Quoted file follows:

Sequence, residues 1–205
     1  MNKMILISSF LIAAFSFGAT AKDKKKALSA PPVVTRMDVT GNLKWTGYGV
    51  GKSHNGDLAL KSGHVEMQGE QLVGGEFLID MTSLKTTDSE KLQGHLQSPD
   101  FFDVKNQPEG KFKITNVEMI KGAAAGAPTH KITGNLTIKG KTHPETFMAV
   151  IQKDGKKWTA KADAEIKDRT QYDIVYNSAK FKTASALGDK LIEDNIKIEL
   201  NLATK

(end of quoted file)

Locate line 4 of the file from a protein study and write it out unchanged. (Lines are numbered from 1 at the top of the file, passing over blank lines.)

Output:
   101  FFDVKNQPEG KFKITNVEMI KGAAAGAPTH KITGNLTIKG KTHPETFMAV